- The New Highest Minimum Wage in the Country: Emeryville Expected to Reach $16 Per Hour by 2020
- June 16, 2015 | Author: Brooke S. Purcell
- Law Firm: Ogletree, Deakins, Nash, Smoak & Stewart, P.C. - San Francisco Office
As of this week’s vote, the small California city of Emeryville, which is located in San Francisco’s Bay Area, is slated to have one of the highest minimum wage rates in the country. As expected, on June 2, 2015, the Emeryville City Council voted unanimously in favor of a minimum wage ordinance that will raise Emeryville’s minimum wage rate to over $16.00 per hour by 2020.
The “Minimum Wage, Paid Sick Leave, and Other Employment Standards” ordinance includes differing wage rates and escalation schedules depending on what the ordinance defines as small and large businesses. A “small business,” according to the ordinance, is one that has 55 or fewer “employees”—defined as someone who works at least two hours per calendar week within the city limits of Emeryville, including full-time, part-time, and temporary employees.
For small businesses the wage rates will start at $12.25 per hour as of July 2, 2015 and will adjust annually every July 1 as follows:
- July 2, 2015: $12.25
- July 1, 2016: $13.00
- July 1, 2017: $14.00
- July 1, 2018: $15.00
On July 2, 2015, large businesses—those with over 55 employees—will be required to pay workers $14.44 per hour. Subsequently, every July 1, the minimum wage rate will be adjusted annually for inflation based on the annual increase in the local consumer price index (CPI).
- July 2, 2015: $14.44
- July 1, 2016: $14.82 (estimated)
- July 1, 2017: $15.20 (estimated)
- July 1, 2018: $15.60 (estimated)
As of July 1, 2019 and every year thereafter, all employers, regardless of size, will be subject to the same minimum wage rate requirements.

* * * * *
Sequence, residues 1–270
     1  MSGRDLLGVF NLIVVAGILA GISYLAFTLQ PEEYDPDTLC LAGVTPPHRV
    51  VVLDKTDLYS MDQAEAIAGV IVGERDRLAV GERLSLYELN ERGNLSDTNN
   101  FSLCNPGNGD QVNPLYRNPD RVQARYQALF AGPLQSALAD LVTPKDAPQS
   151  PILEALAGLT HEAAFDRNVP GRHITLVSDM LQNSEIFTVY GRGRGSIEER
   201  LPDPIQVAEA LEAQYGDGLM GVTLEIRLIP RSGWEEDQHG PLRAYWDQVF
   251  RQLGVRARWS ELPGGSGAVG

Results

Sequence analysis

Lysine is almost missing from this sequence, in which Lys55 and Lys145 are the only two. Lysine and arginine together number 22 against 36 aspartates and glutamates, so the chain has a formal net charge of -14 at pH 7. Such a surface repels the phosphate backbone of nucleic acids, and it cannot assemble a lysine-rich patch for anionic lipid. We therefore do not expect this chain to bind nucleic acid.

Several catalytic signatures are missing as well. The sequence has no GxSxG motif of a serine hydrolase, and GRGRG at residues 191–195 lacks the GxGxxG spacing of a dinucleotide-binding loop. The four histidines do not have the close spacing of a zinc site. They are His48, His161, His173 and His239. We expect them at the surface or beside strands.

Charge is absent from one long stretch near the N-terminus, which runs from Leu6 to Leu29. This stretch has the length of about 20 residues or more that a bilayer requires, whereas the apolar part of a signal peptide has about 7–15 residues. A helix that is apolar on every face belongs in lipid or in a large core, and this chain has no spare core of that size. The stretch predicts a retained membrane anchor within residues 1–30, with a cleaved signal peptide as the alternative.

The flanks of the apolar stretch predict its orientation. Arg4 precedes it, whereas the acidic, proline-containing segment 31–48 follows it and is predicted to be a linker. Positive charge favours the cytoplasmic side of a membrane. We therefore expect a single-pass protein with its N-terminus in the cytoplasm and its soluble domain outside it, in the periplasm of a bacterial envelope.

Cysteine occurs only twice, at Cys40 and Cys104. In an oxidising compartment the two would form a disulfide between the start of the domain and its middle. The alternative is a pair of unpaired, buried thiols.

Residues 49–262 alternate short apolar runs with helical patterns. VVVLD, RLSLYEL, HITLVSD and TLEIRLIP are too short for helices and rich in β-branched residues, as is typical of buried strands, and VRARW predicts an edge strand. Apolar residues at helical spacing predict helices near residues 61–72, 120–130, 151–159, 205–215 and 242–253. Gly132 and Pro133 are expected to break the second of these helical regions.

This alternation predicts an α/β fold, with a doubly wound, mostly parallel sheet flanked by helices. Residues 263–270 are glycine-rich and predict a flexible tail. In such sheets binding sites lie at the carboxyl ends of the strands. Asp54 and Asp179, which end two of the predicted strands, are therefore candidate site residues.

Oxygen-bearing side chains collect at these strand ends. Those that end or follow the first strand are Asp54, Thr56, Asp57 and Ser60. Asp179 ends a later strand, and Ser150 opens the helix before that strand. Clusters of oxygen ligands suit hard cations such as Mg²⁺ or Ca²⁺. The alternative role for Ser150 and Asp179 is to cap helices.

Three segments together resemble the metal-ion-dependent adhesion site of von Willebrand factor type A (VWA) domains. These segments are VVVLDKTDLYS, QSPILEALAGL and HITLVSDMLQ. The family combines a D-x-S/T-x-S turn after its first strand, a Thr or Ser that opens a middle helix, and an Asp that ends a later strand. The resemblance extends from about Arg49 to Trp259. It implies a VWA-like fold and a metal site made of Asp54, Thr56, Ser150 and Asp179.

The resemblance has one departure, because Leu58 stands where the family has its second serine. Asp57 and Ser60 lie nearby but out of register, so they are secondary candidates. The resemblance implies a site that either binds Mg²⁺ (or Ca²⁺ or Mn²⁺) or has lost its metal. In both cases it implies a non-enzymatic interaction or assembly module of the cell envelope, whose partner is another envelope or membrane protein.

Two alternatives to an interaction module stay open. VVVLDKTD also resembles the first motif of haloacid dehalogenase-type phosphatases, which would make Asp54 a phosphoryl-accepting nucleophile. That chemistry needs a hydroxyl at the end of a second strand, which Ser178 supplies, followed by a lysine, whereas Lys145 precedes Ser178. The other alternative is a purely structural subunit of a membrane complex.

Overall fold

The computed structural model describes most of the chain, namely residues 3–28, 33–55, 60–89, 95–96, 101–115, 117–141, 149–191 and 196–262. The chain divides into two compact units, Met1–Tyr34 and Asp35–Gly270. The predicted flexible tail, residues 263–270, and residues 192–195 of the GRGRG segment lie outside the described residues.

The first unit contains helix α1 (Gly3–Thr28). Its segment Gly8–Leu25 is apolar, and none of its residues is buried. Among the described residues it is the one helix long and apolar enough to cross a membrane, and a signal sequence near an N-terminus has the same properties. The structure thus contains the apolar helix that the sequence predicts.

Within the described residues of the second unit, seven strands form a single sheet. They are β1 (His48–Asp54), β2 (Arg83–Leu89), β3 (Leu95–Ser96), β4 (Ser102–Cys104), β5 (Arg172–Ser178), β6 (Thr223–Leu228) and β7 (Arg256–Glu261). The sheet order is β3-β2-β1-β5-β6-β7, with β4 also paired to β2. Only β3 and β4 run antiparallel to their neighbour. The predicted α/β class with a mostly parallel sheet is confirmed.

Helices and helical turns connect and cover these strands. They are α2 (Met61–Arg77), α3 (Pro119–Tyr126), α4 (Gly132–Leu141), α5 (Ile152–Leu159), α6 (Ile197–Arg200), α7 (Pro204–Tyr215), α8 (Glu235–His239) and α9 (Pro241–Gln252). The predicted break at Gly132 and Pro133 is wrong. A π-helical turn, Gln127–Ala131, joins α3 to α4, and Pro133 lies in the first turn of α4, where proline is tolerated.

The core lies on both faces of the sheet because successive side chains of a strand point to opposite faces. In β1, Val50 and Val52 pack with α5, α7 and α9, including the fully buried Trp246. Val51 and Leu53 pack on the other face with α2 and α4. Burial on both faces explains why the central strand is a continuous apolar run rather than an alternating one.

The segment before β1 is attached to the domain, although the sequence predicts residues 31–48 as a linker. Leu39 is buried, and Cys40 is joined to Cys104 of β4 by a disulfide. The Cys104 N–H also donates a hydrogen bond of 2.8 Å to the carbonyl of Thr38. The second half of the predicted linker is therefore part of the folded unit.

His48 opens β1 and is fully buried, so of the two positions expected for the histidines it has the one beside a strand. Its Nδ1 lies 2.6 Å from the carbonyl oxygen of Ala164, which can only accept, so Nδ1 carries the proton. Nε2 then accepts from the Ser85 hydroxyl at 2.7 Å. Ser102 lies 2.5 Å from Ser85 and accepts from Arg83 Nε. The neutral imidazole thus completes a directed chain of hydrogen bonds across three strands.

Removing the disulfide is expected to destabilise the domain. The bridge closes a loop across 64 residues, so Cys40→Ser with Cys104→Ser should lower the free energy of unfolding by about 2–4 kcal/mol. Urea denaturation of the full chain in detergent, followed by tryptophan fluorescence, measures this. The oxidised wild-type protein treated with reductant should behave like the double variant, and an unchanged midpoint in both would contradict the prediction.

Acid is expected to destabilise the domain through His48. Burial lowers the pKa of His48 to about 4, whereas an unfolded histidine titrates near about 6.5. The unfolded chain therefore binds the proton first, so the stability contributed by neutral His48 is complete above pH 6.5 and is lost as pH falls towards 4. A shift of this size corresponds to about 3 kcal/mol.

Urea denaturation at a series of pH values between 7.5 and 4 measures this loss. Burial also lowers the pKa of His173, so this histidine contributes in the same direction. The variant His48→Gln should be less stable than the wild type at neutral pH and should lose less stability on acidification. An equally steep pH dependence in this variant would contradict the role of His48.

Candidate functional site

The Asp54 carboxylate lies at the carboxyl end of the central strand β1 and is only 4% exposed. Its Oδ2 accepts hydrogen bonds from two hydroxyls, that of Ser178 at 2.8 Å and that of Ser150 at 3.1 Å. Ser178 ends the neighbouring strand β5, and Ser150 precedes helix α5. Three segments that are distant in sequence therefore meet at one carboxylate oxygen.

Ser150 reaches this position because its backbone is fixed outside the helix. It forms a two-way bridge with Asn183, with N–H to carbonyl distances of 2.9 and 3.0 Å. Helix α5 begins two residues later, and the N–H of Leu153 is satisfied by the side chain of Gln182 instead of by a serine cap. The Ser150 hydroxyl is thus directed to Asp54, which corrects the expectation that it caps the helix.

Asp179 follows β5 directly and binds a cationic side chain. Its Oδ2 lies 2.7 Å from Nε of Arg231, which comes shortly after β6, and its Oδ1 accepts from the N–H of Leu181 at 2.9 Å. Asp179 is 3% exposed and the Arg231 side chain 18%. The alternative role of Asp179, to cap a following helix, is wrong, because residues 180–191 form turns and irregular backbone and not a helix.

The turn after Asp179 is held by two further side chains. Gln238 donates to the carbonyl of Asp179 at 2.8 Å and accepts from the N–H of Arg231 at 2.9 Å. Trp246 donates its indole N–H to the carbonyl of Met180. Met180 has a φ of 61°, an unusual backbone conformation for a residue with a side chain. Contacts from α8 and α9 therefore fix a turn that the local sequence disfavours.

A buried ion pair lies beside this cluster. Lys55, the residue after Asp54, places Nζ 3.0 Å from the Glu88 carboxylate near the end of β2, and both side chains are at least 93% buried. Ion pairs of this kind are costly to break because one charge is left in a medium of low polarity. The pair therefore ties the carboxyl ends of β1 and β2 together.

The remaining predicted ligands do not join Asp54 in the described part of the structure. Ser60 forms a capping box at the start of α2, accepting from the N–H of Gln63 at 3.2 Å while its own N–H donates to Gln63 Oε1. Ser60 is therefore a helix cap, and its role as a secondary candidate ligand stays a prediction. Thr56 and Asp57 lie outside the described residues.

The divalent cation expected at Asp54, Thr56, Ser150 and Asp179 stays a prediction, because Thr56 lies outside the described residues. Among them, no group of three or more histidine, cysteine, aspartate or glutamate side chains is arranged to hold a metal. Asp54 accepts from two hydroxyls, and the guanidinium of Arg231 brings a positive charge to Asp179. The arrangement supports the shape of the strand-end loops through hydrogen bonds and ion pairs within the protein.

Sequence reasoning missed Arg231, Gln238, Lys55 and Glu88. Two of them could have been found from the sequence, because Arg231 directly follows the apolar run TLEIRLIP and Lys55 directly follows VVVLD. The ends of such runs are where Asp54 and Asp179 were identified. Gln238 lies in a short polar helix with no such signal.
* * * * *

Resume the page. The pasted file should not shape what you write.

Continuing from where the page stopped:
- July 1, 2019: $16.00 (estimated)
- July 1, 2020: $16.42 (estimated)
The approved ordinance also specifies that employers may not designate tips or employer-paid health care benefits as a credit toward the minimum wage rate. Additionally, under the ordinance, “service charges” collected from customers must now be distributed to those workers performing the service and the amount collected and distributed must be reported to employees each pay period.
The ordinance includes exemptions to the minimum wage requirements for employees subject to a ratified collective bargaining agreement and expressly waives the provisions of the ordinance for “learners,” as defined by the California Industrial Welfare Commission, who may be paid no less than 85 percent of the minimum wage for the first 160 hours of employment.
Impact on Employers
Emeryville Mayor Ruth Atkin, who voted yes on the measure, stated, “With income inequality out of control, we need to lift the floor for low-wage workers so if you work full-time, you don’t need public assistance . . . This is a policy for the common good.” This new trend for municipalities to enter the employment law arena with unique requirements and red tape is concerning for businesses. In addition to monitoring changes at the state and federal levels, employers must quickly react to the regulatory whims of every small city and town across the state.